About one per cent of breast cancer cases in the UK occur in males. Whilst it's a small percentage, its impact on the person, his family and friends can be as devastating as in women. We spoke with the highly-experienced consultant breast surgeon, Mr Kislaya Kumar Thakur, FRCS, to discuss this condition, including the risk factors, symptoms, tests and treatment.
What is male breast cancer?
Male breast cancer is cancer of the male breast glandular tissue (yes, men have breast tissue too!). The most common types are: ductal (arising from ducts), lobular (arising from glandular tissue/lobules), Paget’s (involving ducts in the nipple). Less common types include inflammatory breast cancer.
Though much less common than in women, men need to be more aware of this condition as it tends to present at a later stage than in women.
How common is it?
In the UK, the chances are one in 900. In Europe, less than one per cent of all breast cancers are in men, though it varies around the world. In sub–Saharan Africa, five to fifteen per cent of breast cancers are in men.
In the UK, the ratio between men and women with breast cancer is 1:200. This has implications for treatment and prognosis.
What are the risk factors?
The main risk factor apart from older age (most male breast cancers are in the 60 to 70 age group) is overall increased circulating oestrogen in men (from within the body or given from outside) which can be caused by:
- Testicular operations for undescended testes
- Testicle damage because of past infections like mumps
- Patients or people given therapeutic oestrogens in prostate cancer or transgender men who have had oestrogen treatment
- Obesity or being significantly overweight
- Chronic liver disease or scarring like cirrhosis
- Klinefelter’s syndrome (XXY chromosomes instead of XY) with hormonal imbalance
Other risk factors include:
- Strong family history of breast or ovarian cancer especially those with BRCA genetic mutations
- Radiotherapy to the chest area during teenage years for lymphomas
- Some ethnicities and ancestry are more prone (for example, black men living in Africa) to male breast cancer. It is less common in Japanese people.
- Working in hot environments
What are the main symptoms of male breast cancer?
The main presentation for male breast cancers is with a breast lump or swelling (in seventy-five per cent of cases) and lumps in the armpit (axillary area). Usually these are painless to start with. The second most common is changes in the nipple area (nipple retraction, nipple discharge-clear/blood-stained, alteration, rash, ulceration etc).
When should I see a doctor?
Essentially, anyone with breast swelling or lump, especially in men over 45 to 50 years of age or with any of the symptoms or changes in the nipple as mentioned above.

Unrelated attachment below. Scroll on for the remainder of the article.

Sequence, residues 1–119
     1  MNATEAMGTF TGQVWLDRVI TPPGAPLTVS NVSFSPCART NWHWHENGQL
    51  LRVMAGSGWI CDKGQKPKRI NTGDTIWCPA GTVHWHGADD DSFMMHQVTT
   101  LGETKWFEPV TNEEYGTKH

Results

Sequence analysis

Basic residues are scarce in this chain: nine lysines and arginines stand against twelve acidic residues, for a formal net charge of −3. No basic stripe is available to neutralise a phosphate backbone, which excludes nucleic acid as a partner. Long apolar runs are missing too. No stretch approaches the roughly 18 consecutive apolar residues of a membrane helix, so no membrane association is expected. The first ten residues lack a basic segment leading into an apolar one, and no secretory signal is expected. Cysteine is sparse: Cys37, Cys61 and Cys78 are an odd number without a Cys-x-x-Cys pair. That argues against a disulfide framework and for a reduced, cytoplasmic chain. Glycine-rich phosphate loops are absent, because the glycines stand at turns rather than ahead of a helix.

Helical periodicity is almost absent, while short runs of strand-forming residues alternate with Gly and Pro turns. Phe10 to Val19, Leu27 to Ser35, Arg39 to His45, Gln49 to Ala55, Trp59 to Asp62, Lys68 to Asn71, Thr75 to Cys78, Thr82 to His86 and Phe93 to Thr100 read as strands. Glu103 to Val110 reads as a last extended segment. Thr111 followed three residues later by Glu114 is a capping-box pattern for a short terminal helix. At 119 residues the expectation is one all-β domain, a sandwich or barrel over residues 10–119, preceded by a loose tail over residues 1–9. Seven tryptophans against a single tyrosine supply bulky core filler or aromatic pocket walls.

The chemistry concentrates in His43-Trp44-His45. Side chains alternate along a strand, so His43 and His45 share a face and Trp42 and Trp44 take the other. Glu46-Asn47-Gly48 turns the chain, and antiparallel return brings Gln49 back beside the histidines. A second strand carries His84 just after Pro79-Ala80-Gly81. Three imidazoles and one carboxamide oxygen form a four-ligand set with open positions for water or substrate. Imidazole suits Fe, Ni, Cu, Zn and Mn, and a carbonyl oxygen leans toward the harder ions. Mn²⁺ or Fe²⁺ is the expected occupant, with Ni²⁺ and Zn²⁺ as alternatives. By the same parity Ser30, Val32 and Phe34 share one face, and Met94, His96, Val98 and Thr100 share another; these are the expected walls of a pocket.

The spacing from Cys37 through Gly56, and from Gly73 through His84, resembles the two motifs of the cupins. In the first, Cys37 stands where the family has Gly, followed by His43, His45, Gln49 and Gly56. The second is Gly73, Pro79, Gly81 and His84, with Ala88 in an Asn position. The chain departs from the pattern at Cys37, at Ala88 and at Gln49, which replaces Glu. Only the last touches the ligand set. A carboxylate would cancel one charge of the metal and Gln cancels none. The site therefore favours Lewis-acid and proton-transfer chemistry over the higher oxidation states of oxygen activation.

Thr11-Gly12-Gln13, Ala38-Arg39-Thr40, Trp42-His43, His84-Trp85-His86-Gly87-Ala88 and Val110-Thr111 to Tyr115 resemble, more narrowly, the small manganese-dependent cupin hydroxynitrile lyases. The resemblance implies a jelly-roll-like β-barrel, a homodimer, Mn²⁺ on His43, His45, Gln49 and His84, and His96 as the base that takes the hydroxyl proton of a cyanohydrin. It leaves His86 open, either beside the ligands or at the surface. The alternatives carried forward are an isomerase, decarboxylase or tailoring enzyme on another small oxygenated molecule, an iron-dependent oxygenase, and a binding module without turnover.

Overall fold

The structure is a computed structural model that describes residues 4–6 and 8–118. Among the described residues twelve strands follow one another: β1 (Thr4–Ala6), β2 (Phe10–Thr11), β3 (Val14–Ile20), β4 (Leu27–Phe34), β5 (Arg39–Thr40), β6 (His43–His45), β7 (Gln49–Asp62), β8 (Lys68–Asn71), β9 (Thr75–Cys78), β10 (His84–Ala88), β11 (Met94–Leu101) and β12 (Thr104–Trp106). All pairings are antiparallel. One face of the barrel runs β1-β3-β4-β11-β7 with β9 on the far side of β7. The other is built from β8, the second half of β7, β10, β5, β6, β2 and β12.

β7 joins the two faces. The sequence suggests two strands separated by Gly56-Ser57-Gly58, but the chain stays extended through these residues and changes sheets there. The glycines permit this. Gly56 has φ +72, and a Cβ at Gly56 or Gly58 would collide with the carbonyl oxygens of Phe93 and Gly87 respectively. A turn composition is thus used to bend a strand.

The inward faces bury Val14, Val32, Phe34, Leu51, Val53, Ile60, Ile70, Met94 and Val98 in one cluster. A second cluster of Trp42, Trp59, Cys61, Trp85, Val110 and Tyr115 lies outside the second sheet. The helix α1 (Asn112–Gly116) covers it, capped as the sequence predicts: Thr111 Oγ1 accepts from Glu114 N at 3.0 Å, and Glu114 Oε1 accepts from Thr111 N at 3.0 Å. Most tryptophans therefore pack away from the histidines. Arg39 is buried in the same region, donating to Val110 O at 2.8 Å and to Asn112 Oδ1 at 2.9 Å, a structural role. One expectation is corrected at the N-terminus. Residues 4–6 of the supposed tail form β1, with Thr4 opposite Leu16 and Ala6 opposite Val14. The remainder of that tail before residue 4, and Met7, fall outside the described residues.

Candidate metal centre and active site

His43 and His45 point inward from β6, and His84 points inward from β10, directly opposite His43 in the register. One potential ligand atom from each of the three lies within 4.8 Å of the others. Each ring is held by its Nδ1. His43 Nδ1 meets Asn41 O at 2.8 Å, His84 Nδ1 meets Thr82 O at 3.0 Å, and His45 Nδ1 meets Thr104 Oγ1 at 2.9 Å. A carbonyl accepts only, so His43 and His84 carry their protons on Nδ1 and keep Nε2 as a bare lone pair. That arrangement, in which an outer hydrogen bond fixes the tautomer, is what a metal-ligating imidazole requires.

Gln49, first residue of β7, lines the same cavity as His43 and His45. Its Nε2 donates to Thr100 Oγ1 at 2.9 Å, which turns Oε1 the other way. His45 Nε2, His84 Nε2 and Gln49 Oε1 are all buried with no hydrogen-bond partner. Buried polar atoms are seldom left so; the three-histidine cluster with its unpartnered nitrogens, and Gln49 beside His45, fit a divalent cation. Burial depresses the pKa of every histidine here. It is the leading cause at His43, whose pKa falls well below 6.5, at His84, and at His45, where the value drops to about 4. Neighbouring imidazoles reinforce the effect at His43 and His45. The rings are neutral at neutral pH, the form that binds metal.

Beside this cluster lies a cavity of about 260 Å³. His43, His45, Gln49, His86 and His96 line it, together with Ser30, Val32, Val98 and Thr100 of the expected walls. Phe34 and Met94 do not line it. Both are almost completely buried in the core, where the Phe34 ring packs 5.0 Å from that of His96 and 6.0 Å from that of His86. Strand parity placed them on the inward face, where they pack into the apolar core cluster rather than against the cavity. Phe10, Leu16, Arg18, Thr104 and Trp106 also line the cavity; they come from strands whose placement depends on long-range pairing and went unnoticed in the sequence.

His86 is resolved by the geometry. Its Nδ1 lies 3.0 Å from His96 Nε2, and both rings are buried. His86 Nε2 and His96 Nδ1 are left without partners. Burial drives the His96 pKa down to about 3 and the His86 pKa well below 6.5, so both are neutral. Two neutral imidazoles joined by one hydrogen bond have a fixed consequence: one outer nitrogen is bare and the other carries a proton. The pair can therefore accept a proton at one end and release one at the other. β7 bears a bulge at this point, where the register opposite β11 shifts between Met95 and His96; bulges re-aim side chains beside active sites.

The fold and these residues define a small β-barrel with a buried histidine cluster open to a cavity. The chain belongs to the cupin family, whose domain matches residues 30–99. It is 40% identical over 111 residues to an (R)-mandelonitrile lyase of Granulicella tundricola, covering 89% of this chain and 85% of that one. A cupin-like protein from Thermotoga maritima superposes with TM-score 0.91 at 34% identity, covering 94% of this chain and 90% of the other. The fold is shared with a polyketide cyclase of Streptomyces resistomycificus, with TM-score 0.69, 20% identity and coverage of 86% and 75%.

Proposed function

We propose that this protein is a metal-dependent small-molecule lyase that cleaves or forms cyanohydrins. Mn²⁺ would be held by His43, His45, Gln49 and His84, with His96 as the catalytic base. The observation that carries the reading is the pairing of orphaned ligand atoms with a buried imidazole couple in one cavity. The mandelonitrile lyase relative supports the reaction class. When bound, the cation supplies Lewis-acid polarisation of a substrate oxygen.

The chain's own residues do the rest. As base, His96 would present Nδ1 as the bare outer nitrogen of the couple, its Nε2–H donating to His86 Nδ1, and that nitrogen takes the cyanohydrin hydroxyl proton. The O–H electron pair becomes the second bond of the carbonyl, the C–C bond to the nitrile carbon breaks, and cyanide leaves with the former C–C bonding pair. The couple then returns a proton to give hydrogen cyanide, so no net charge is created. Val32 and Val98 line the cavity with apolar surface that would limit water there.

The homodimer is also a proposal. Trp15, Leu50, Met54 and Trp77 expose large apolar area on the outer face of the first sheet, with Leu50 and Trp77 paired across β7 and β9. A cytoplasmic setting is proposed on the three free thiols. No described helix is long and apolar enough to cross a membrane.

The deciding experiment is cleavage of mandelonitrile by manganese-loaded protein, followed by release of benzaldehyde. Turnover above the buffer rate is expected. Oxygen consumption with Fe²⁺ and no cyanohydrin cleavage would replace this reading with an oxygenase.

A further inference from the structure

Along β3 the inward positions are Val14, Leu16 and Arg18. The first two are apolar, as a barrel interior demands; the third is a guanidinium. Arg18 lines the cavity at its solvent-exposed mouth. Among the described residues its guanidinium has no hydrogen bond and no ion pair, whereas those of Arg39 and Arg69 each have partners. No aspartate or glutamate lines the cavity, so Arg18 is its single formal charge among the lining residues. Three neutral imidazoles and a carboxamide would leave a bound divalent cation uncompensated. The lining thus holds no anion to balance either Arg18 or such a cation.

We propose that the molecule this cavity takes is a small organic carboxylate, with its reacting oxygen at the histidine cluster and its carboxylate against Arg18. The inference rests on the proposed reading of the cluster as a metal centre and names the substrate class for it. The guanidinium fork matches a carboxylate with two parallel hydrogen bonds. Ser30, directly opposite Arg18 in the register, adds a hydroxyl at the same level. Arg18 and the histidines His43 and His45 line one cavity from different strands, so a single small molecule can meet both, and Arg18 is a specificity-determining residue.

Also, both women and men with risk factors should have a discussion with a specialist about modification of lifestyle factors and monitoring, screening or genetic testing
What tests are available to diagnose it?
Ultrasound as well as mammograms in men should be advised if there are any of the symptoms mentioned previously, or if there is any doubt. A needle test or biopsy (usually ultrasound-guided) is performed under local anaesthetic if any abnormality is found.
Once diagnosed, men with breast cancer might need staging tests like CT-scans, Nuclear medicine bone scans or MRI scans, amongst others to establish the extent of spread as this will determine the type and combination of treatments.
What treatments are offered?
Treatments are similar to those for women with breast cancer, with surgery being the most important. More men need mastectomy compared with women though it's less common for men to be suitable for breast conserving surgery.
They might also need lymph-node assessment from the armpit by a technique called Sentinel Node Biopsy. If nodal involvement is proven by this or at diagnosis by a needle test, then they would need removal of all lymph-nodes (Axillary Node Clearance).
The other treatments considered are radiotherapy (X-Ray treatment) or anti-hormonal treatment with tablets like Tamoxifen or Letrozole and chemotherapy (drug treatment given through veins).
What is the outlook for men with breast cancer?
Stage for stage, the prognosis is similar to breast cancer in women. However, as men present to doctors later because of lack of awareness, or other factors, they are often diagnosed with larger tumours or larger cancers at a higher stage involving skin, lymph-nodes or distant organs (forty-five per cent are diagnosed in stage 3 and 4).
So, the overall survival rate is worse in men because they present later and at a higher stage, hence the need for increased awareness of breast cancer in men.
If you require breast cancer screening, we recommend booking an appointment with leading breast surgeon Mr Kislaya Kumar Thakur. Visit his Top Doctors profile for information on appointment availability.